Presenters and performers continue to grapple with restrictions imposed by coronavirus, unlike any we have seen before. As the performing arts community searches for ways to restart, Kurt Weill’s ingenious, innovative scores offer a wide range of proven audience-pleasers. In both theaters and concert halls, producers may choose from a panoply of compositions–in original orchestrations or in authorized arrangements–that call for smaller ensembles and simplify the process of resuming live performances.
- Die Dreigroschenoper (Listen)
- Happy End (Listen)
- Johnny Johnson
- Mahagonny Songspiel (Listen)
- One Touch of Venus: reduced orchestration for 10 players
- Die sieben Todsünden: a) Version for 15 players (for a perusal recording, please write to firstname.lastname@example.org); b) version for two pianos and percussion
- Zaubernacht (Listen)
Requests to perform Weill’s stage works with the authorized piano reductions alone are routinely approved because of the organization’s limited pit size, theater size, or budget.
- Das Berliner Requiem (Listen)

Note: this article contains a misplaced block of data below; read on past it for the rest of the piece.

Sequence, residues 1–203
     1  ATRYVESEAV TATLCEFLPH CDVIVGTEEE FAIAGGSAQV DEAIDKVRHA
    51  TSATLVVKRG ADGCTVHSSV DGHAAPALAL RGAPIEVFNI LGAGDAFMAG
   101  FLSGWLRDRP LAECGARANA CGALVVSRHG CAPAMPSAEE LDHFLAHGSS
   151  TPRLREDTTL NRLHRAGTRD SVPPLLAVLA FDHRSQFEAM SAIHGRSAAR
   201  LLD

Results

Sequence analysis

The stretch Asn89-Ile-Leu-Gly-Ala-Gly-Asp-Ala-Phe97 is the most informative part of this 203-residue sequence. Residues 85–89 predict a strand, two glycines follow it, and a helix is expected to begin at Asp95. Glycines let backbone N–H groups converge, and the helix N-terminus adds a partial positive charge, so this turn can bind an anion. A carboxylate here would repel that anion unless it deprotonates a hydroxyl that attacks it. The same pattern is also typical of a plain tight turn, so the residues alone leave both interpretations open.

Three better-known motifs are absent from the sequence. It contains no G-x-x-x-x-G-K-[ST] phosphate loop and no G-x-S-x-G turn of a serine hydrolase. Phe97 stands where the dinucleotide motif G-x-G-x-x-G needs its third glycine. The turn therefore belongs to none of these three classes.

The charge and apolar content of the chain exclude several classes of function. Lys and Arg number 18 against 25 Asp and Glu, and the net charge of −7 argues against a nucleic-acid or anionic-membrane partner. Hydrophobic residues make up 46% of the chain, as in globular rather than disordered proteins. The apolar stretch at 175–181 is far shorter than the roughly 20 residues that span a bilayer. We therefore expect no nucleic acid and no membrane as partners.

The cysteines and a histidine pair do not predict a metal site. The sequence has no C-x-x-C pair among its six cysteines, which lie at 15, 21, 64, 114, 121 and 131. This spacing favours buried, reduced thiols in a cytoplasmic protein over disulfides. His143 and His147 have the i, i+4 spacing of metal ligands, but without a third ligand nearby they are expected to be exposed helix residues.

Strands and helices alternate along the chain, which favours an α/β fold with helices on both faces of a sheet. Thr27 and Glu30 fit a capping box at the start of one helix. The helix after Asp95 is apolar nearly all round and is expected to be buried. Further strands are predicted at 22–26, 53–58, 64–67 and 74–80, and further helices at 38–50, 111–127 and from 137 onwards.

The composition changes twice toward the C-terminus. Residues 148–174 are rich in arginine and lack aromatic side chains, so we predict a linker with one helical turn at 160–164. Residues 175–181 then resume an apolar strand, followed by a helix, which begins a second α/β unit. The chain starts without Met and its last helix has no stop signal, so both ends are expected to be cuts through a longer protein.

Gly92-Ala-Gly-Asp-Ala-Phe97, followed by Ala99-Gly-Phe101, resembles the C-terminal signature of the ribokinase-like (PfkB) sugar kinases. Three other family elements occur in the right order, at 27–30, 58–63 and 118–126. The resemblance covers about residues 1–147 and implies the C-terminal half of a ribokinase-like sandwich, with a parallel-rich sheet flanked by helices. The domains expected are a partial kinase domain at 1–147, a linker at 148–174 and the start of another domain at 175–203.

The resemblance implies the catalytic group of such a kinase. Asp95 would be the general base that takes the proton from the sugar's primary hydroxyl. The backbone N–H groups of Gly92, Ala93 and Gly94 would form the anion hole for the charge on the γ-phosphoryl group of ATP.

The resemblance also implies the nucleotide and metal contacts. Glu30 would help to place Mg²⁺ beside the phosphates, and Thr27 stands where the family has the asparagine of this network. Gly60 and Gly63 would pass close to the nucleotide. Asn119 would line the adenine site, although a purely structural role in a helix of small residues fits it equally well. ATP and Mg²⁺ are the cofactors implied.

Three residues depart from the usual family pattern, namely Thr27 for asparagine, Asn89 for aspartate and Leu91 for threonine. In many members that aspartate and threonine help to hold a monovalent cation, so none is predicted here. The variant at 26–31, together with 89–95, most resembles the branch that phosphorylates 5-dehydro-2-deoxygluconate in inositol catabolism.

- Chansons des quais: Suite of songs from Marie galante (Listen)
- Concerto for Violin and Wind Orchestra: recommended by the New York Times! (Listen)
- Entr’acte from Lady in the Dark
- Entr’acte from Lost in the Stars (Listen)
- Frauentanz (Listen)
- Kleine Dreigroschenmusik (Listen)
- Kleine Zaubernachtmusik: 20-minute suite from Zaubernacht (see above)
- Vom Tod im Wald (Listen)
- Marc Blitzstein’s The Cradle Will Rock (Listen)
- LoveMusik by Alfred Uhry and Harold Prince, based on the correspondence of Kurt Weill and Lotte Lenya (Listen)
- Lenya Story
- “The Next Whisky Bar” (Weill revue)
These stage and concert works represent only a fraction of the possibilities from the catalogue, which also includes chamber music, arrangements of popular melodies from operas and musicals, songs for voice and piano, and revues. Please see the complete list of Weill’s works for additional ideas. We urge you to write to email@example.com for help or further suggestions.